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Would-be buyers question contract’s cancellation

December 28, 2018
By ERIC FEICHTHALER - Real Estate Law , Cape Coral Daily Breeze

Dear Mr. Feichthaler,

My husband and I are relocating to Cape Coral and have found the perfect lot to build our home. We submitted a written offer through our Realtor, and later that day the sellers signed and returned the contract to my Realtor. A few days later, the sellers wrote to say they were rescinding, or cancelling, the contract, because we missed placing initials on the third page. They say it is not a valid contract, and have sent a cancellation form so we get our $1,000 deposit back. We really want this lot. The seller's Realtor even told our Realtor they have another buyer for more money!

- Stacey B.

Dear Stacey,

Your question demonstrates the complexities that can arise in real estate transactions. The law of contracts basically looks to determine if there is a valid offer from one side, and acceptance by the other. Your signed offer would take care of step 1, except that the sellers are saying it is not a valid offer (even though they attempted to accept it). Although every situation is unique, missing initials on one page of a 12-page document would not make the offer deficient. Especially if the language on the page was standard language, the seller should have a difficult time arguing there is no offer and acceptance here. Keep in mind, Florida law looks at every piece of property as unique (even lots in Cape Coral), so you may need to file a lawsuit soon to ensure the property isn't sold to someone else. Make sure your Realtor knows you do not intend to sign the cancellation, that you consider the contract valid, and that you are moving forward with the purchase. You should also consult with an attorney to confirm the strength of your position, as well as your options if the seller does not comply with your demands.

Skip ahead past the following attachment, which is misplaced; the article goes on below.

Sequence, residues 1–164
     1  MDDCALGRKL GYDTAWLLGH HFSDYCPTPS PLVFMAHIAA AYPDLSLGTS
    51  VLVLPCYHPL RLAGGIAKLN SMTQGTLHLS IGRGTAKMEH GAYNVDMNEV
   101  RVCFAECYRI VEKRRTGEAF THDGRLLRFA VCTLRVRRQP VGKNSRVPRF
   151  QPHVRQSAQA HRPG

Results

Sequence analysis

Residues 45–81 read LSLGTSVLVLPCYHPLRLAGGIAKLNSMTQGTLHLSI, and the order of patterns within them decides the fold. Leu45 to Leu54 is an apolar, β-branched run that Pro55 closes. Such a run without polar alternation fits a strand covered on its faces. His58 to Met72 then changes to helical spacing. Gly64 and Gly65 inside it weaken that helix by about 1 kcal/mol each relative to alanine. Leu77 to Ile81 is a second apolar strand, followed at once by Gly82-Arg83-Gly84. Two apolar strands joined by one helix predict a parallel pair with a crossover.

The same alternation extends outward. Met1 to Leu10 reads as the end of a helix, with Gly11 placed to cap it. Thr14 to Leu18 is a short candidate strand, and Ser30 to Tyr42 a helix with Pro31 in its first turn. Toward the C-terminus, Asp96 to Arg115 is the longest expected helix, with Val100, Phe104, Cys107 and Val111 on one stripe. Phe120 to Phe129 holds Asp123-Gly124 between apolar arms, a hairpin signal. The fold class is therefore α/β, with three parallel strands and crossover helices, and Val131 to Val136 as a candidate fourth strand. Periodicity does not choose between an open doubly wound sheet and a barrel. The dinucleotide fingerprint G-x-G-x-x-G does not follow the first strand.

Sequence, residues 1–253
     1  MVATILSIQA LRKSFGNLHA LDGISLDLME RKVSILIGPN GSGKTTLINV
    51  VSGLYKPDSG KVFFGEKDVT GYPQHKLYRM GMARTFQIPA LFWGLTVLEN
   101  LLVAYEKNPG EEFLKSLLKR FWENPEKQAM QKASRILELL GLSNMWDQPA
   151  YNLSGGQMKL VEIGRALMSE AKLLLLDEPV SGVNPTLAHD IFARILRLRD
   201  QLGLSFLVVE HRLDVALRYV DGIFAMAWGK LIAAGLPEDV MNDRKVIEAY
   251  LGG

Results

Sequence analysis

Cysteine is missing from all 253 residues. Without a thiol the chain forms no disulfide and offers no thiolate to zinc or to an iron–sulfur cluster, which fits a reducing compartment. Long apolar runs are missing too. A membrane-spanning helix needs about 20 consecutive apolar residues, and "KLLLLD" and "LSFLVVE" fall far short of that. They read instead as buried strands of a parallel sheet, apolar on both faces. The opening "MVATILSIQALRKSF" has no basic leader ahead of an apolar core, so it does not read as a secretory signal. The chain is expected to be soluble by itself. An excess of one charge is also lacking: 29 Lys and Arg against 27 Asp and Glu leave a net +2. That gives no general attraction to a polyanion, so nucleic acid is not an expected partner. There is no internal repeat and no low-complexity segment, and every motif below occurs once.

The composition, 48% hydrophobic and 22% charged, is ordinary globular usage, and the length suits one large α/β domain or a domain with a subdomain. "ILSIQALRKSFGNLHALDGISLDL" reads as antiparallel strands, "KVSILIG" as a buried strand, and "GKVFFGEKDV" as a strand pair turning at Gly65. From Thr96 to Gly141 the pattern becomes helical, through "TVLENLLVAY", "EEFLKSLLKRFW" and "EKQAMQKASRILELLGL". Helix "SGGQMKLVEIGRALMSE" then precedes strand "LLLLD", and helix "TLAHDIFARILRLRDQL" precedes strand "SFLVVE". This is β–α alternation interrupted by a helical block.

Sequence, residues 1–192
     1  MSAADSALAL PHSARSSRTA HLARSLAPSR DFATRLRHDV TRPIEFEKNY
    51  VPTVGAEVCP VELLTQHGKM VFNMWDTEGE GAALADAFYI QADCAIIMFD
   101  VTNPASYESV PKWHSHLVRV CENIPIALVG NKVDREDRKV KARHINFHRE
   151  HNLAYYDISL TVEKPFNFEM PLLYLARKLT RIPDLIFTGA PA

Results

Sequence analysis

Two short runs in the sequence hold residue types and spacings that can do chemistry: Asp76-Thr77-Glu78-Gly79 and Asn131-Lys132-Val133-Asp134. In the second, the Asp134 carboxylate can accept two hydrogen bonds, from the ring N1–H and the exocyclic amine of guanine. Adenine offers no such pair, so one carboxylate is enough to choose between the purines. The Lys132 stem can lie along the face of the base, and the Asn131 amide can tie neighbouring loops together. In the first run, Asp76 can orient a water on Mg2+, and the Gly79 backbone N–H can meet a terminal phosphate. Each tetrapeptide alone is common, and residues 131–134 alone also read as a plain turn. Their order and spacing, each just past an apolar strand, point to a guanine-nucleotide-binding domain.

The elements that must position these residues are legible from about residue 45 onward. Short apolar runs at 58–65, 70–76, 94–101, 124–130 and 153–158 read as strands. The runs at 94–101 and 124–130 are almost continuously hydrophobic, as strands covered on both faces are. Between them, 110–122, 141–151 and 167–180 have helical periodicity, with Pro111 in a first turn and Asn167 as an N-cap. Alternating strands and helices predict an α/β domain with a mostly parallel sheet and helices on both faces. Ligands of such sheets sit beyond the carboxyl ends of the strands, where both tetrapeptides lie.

I wish you, your family, and all of our Cape Coral neighbors a Happy New Year!

Eric P. Feichthaler has lived in Cape Coral for over 30 years and graduated from Mariner High School in Cape Coral. After completing law school at Georgetown University in Washington, D.C., he returned to Southwest Florida to practice law and raise a family. He served as mayor of Cape Coral from 2005-2008, and continues his service to the community through the Cape Coral Caring Center, Cape Coral Historical Museum, and Cape Coral Kiwanis. He has been married to his wife, Mary, for over 17 years, and they have four children together. He earned his board certification in Real Estate Law from the Florida Bar. He is AV Preeminent rated by Martindale-Hubbell for professional ethics and legal ability, and is a Supreme Court Certified Circuit Civil Mediator.

This article is general in nature and not intended as legal advice to anyone. Individuals should seek legal counsel before acting on any matter of legal rights and obligations.



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